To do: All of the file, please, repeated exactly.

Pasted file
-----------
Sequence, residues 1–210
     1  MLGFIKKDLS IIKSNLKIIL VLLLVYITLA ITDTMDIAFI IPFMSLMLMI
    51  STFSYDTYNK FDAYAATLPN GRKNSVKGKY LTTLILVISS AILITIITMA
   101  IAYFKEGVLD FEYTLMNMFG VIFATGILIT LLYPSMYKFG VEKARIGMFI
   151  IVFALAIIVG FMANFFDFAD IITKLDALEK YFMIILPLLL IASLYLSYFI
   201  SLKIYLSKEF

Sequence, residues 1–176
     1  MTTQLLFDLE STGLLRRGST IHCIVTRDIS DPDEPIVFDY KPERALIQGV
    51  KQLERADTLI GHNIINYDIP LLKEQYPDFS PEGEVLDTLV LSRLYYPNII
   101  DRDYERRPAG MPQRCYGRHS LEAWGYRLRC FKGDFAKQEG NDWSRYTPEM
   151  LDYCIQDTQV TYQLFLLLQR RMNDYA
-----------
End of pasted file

Sequence, residues 1–210
     1  MLGFIKKDLS IIKSNLKIIL VLLLVYITLA ITDTMDIAFI IPFMSLMLMI
    51  STFSYDTYNK FDAYAATLPN GRKNSVKGKY LTTLILVISS AILITIITMA
   101  IAYFKEGVLD FEYTLMNMFG VIFATGILIT LLYPSMYKFG VEKARIGMFI
   151  IVFALAIIVG FMANFFDFAD IITKLDALEK YFMIILPLLL IASLYLSYFI
   201  SLKIYLSKEF

Sequence, residues 1–176
     1  MTTQLLFDLE STGLLRRGST IHCIVTRDIS DPDEPIVFDY KPERALIQGV
    51  KQLERADTLI GHNIINYDIP LLKEQYPDFS PEGEVLDTLV LSRLYYPNII
   101  DRDYERRPAG MPQRCYGRHS LEAWGYRLRC FKGDFAKQEG NDWSRYTPEM
   151  LDYCIQDTQV TYQLFLLLQR RMNDYA